Panel didn't vet Perry's fund transfer to A&MFriday, March 27, 2009
By EMILY RAMSHAW / The Dallas Morning News
AUSTIN – When Gov. Rick Perry announced a $50 million grant to the Texas A&M University System this week, his aides said the decision to fund a new research center at his alma mater had been vetted by a 17-member committee.
On Thursday, Perry staffers said that they'd misspoken, and that the committee did not sign off on awarding the money.
The grant first came under fire this week when lawmakers learned how Perry had funded it – by moving money they'd earmarked for closing business deals into a technology fund. Perry's staff said a budget provision gave them the authority to move the money from the deal-closing Texas Enterprise Fund into the Emerging Technology Fund in January. And they said the grant had been recommended by the technology fund's advisory committee.
That was not true, but Lt. Gov. David Dewhurst and then-House Speaker Tom Craddick did sign off on it.
While the grant "might prove to be a worthwhile investment, it is the lack of transparency or approval from the fund's advisory committee which has raised concern," said Rep. Jim Pitts, the Waxahachie Republican who chairs the House Appropriations Committee.
Perry spokeswoman Allison Castle said that by statute, the committee has no responsibility to sign off on a grant. She blamed the mistake on miscommunication among the governor's staff.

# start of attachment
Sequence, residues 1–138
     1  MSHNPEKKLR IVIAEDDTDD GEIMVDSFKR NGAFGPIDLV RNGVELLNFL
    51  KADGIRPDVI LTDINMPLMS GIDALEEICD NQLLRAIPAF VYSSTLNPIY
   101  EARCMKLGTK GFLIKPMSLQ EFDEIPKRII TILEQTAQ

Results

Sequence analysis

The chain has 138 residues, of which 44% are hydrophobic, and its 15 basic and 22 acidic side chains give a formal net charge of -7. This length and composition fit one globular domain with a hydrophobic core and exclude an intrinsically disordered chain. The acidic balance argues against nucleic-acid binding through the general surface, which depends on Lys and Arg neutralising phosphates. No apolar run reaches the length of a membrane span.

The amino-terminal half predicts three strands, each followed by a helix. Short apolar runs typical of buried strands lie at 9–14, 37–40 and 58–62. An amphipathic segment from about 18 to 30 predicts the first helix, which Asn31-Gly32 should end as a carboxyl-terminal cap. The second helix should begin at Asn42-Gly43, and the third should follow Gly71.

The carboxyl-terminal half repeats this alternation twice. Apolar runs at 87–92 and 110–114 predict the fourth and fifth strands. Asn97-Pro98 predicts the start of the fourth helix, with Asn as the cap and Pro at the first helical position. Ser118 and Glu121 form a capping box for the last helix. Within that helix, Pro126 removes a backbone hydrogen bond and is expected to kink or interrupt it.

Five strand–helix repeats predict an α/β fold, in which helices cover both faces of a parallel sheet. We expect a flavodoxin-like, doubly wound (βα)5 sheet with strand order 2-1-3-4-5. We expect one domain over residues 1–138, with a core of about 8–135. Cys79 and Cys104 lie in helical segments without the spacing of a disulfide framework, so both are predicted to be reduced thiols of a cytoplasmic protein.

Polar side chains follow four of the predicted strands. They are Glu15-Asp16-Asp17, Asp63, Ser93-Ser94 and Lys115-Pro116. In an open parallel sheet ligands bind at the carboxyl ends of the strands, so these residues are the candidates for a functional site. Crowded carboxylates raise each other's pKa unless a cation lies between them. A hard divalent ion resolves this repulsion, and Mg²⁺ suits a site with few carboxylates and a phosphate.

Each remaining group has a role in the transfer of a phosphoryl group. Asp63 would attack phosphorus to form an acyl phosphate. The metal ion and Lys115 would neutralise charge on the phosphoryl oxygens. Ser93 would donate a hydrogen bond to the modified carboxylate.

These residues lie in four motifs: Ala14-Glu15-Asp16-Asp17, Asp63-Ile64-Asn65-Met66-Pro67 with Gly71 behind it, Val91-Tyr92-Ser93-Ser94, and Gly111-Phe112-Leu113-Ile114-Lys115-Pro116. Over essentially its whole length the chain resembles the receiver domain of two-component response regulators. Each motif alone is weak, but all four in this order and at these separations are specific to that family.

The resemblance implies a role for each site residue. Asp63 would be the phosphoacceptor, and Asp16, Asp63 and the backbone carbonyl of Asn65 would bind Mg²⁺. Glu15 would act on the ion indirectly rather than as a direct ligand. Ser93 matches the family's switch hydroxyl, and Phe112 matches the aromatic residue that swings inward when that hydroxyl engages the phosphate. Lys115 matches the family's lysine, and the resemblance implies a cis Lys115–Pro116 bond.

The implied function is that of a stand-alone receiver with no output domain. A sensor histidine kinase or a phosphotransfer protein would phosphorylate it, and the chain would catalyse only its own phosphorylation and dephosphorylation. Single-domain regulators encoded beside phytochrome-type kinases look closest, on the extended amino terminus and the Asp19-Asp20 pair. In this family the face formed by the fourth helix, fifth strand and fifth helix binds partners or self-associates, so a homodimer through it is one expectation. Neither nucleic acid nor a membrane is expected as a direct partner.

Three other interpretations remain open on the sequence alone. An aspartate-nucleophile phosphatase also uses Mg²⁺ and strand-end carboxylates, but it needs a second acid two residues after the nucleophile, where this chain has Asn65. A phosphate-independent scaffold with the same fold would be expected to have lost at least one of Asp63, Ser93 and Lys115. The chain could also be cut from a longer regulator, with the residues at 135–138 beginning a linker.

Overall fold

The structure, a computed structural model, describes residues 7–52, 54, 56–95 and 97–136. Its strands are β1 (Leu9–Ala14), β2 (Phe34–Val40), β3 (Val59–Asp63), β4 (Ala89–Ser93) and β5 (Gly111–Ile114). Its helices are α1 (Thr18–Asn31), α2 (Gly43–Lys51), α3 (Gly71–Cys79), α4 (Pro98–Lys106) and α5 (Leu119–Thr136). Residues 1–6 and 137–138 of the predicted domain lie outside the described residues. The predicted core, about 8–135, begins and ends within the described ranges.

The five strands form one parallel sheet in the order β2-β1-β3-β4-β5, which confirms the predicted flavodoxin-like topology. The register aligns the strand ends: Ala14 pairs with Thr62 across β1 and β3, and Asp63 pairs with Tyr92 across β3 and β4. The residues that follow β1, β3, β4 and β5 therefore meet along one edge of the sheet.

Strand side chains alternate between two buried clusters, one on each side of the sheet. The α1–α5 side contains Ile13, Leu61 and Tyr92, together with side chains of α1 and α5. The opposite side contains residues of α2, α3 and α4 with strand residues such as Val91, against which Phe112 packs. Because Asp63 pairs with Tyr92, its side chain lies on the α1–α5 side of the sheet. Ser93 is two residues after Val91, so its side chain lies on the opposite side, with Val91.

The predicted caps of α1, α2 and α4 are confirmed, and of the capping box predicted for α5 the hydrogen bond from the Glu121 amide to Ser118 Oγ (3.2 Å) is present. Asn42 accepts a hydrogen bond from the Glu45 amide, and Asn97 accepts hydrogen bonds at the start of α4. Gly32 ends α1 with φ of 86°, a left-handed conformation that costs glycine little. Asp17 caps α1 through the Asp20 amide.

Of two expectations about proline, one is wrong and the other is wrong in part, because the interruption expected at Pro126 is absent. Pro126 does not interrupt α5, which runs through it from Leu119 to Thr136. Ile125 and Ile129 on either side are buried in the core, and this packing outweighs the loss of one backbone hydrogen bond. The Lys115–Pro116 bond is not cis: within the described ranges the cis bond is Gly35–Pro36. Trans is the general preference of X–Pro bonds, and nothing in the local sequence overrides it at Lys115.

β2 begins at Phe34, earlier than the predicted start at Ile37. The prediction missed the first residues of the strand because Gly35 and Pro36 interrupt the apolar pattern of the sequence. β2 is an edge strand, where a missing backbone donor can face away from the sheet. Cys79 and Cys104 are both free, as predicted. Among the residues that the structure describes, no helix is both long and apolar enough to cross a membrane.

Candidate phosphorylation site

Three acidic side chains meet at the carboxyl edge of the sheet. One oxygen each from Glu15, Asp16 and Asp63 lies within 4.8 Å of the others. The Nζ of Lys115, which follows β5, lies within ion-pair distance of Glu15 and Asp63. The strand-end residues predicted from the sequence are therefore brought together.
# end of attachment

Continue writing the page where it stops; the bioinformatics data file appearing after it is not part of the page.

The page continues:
Castle added that it's not the first time the governor has made such an investment.
"Chairman Pitts did not seem to have any concern in 2003 when the state of Texas invested $50 million in the University of Texas at Dallas to enhance their engineering and computer science programs," she said.
Still, Castle said, a few of the committee members were briefed on the project, and, while supportive, expressed concern that the funds would drain the technology account. They had no concerns once the money was moved over from the Enterprise Fund, Castle said.
Lawmakers concerned about the grant say they have no problem with the Texas A&M University System's National Center for Therapeutics Manufacturing, which will help researchers advance production processes for new vaccines and drug therapies. They just have questions about the funding mechanism.
The $50 million grant is the largest ever from the Emerging Technology Fund. It's also the first time Perry's office has moved money from the Enterprise Fund to the Emerging Technology Fund.
On Wednesday, current House Speaker Joe Straus called the money "a large transfer" and said it "raises some issues."
A phone call to Craddick's office was not returned Thursday. Rich Parsons, a spokesman for Dewhurst, said the lieutenant governor signed off on the A&M grant because it appeared to be "an attractive and safe investment for the state of Texas."
Still, the A&M case looks like a "pay-to-play" scenario, said Craig McDonald, executive director of Texans for Public Justice, which tracks the influence of money in state politics. McDonald said in the months leading up to the award, A&M boosters ratcheted up their contributions to Perry, Dewhurst and Craddick – "apparently the three sole decision-makers in awarding the $50 million in taxpayer money."
Richardson Chamber of Commerce President Bill Sproull, who serves on the Technology Fund's advisory committee, confirmed that members were not asked to vet the A&M University System grant. He said it makes no difference.
"This project is very worthwhile," he said. "It's all legal. Given that it's a zero net sum on the Emerging Technology Fund, there was no harm done."